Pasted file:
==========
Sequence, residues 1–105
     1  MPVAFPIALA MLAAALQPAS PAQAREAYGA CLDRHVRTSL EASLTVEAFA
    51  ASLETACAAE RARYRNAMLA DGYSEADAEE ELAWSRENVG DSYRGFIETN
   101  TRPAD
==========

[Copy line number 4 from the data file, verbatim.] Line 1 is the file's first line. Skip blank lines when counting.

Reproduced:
   101  TRPAD